As war continues to rage, many people in Ukraine are hungry for God’s word – but they don’t want to read it in Russian. Now, a new Ukrainian language version is reaching more people than ever
In February this year, as Russia invaded Ukraine and the world looked on in horror, a photograph went viral. It showed a group of Ukrainians on their knees, praying in the snow. While it was assumed the image was recent (it was not; the photo has since been proved to be at least three years old) it showed something very real: the heart that the Ukrainian people have for God.
Now, more than four months later, war continues to ravage the country. Cities have been razed to the ground and millions of people have been displaced. The headlines may not be as regular or all-consuming here in the UK, but in Ukraine, the war continues unabated. But alongside so much fear, hurt and pain, there is also a glimmer of hope. Over the course of the invasion, Christian charities, missionary organisations, pastors and leaders continue to report that among the Ukrainian people who are living through such unimaginable horror, there is an ever-increasing hunger for God’s word.
In my own tongue
For many years, the Church in Ukraine only had access to the scriptures in Russian, or a Ukrainian version which served the Russian Orthodox Church. Even before the invasion of February 2022, this was a significant issue for those who, following the annexation of the Crimea and occupation of the Donbas region, see Russian is the language of the oppressor. With the emotional and historical baggage attached, the evangelical Church in Ukraine have been pleading for a contemporary Ukrainian language version of the Bible for many years.
When you see people who are crying thank you for the Bible, you know you are in the place where God wants you to be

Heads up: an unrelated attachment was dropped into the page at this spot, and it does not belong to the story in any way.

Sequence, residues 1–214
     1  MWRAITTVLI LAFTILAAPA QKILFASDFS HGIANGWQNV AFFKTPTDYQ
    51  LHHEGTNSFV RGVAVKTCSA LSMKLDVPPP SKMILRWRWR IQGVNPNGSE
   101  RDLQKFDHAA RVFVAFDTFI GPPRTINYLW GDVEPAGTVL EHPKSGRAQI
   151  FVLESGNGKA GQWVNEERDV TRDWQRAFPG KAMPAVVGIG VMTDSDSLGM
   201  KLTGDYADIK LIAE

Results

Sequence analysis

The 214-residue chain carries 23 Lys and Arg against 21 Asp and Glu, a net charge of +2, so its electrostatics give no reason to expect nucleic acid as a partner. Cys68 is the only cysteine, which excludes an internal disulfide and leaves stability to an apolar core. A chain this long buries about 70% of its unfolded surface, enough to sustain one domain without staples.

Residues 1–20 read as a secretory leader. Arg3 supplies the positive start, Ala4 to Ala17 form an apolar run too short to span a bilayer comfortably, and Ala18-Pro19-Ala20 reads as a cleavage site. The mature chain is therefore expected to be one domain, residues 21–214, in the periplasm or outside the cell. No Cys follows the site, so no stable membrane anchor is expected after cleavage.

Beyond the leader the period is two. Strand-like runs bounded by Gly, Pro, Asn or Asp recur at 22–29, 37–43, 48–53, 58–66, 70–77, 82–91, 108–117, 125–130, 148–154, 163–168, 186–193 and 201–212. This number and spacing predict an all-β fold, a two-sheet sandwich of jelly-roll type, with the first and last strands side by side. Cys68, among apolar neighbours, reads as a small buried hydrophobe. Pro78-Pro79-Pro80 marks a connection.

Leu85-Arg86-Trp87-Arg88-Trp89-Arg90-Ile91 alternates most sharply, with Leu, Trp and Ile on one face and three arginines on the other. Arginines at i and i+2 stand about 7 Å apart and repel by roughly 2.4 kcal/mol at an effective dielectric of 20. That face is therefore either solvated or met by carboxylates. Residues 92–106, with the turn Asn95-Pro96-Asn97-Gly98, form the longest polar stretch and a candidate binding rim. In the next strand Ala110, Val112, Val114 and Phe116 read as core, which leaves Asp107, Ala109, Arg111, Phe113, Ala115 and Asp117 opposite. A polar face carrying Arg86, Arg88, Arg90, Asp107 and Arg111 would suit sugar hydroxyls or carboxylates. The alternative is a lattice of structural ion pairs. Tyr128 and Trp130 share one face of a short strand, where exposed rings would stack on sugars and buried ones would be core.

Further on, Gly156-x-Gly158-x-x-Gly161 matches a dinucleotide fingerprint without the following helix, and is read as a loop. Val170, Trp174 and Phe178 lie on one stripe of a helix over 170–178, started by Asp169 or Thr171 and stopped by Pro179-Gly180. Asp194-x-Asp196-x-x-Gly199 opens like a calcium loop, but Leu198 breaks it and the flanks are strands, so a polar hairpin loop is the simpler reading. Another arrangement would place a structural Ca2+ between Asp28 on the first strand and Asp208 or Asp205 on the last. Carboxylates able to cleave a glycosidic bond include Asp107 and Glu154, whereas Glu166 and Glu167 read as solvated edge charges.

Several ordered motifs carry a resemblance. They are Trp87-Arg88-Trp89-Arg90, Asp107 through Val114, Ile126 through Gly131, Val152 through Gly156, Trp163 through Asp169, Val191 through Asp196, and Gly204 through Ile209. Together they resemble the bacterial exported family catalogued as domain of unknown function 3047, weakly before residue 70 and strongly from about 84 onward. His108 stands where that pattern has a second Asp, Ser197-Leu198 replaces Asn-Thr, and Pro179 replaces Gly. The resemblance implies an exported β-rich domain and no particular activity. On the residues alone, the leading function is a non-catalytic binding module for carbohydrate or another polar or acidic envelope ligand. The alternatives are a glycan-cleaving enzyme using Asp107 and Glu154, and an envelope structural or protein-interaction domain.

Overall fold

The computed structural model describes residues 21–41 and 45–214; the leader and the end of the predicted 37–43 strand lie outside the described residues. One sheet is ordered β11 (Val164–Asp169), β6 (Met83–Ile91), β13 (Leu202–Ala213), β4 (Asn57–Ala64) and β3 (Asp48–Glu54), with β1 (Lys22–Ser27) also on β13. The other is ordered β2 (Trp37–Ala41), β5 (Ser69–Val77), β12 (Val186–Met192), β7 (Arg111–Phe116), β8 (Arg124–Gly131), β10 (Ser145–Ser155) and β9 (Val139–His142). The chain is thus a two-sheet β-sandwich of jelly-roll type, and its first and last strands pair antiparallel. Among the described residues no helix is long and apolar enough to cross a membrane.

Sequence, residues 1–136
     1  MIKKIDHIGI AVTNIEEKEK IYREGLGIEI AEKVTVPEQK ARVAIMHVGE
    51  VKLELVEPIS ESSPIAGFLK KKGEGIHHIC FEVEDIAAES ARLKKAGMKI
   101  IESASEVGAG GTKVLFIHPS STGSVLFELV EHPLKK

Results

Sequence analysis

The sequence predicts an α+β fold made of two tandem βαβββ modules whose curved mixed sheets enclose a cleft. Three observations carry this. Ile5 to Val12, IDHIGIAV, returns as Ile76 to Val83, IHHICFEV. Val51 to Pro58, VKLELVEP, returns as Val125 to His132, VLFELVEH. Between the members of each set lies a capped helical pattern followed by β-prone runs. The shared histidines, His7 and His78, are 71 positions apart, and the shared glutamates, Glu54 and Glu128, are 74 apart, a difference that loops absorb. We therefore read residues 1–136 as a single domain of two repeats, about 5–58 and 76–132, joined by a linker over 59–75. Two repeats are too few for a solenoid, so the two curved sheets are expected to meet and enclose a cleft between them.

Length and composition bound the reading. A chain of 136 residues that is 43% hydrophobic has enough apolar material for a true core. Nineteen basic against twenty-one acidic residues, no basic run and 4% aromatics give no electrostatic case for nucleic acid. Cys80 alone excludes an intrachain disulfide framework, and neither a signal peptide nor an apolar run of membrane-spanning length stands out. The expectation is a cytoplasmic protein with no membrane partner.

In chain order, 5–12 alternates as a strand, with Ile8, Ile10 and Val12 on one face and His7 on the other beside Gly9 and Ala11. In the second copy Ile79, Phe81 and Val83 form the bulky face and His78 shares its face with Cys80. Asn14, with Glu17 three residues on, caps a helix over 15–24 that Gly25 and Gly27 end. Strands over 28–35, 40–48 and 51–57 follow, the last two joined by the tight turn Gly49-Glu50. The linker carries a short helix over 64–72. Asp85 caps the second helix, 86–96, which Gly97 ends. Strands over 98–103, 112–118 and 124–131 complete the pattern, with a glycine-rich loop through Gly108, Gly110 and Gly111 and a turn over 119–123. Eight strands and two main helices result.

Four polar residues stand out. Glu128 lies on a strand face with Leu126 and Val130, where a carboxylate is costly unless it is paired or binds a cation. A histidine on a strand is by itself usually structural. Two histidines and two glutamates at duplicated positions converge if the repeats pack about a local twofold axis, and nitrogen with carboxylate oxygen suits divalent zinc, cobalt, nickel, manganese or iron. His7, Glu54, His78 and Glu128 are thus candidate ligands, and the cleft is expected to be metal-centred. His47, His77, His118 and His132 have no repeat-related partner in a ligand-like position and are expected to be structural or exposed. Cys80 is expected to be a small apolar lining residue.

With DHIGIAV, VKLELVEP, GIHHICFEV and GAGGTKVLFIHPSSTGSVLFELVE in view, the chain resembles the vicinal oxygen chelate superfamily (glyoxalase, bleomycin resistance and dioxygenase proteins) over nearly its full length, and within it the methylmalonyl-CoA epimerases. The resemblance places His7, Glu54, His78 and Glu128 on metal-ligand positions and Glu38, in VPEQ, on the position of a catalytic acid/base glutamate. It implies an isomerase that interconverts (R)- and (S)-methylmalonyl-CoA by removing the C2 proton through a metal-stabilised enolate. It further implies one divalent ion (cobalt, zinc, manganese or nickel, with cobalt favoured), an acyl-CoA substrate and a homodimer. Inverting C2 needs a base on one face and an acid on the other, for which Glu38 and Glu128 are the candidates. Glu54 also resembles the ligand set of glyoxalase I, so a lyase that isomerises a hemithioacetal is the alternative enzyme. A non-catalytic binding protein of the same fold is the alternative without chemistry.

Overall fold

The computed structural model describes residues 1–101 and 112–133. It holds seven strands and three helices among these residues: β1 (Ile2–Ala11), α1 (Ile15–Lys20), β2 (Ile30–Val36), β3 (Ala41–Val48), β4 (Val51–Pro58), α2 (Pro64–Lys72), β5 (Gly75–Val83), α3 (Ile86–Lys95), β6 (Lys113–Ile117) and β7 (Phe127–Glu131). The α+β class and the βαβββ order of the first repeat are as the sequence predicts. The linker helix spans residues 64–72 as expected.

As chaos unfolded in Ukraine in February, Biblica, the international Bible society, expedited the release of a new translation of the New Testament and Psalms in contemporary Ukrainian. Within just 90 days, the app had been downloaded almost half a million times. And there has also been huge demand for printed Bibles. Biblica had planned to print 10,000 copies of the New Testament in Ukrainian this June, however partners on the ground and in surrounding countries have requested 500,000 copies as the demand has been so high.
Mark Finnie, Biblica’s vice president for Europe and the Middle East said the demand showed an “extraordinary” hunger for God’s word. “Of course, the humanitarian need is great, and it will become greater,” he said. “But there is a unique opportunity for Christians around the world to provide Bibles, in any way possible, to a nation crying out for them.”
As bombs fall and lives continue to be lost in Ukraine, Biblica’s app is enabling people who remain in the war torn country – as well as those who have been forced to flee - to find sanctuary and peace in God’s word.
It is, in part, a response to the work that the Christian community are doing, says Oxanna. Forced to flee to Romania with her daughters, leaving her husband and sons behind in Ukraine, she is now using her business and ministry experience to serve others. People "have seen how Christians are helping" she said. As a result, “they want to learn how to speak to God, how to read the Bible.”
Victoria Raichynets and her husband, Anatoliy, have been separated by the Russian invasion. They have lost their apartment to a bomb, but they have not left their country. While Anatoliy continues to coordinate relief efforts in Kyiv, Victoria coordinates another hub in the south west of Ukraine, where many people from the capital have fled.
Victoria says that she cries most days and, at times, she feels broken by the ongoing impact of the war. “When you look into the eyes of the Ukrainian people you see hopelessness, helplessness and pain as each day people are more traumatised,” she said.
“Then, when you see people who are crying thank you for the Bible, thank you for bringing [them] out of the bombs, that’s when you know you are in the place where God wants you to be, doing what he wants.”
To help provide more Bibles for people in Ukraine, visit Biblica’s website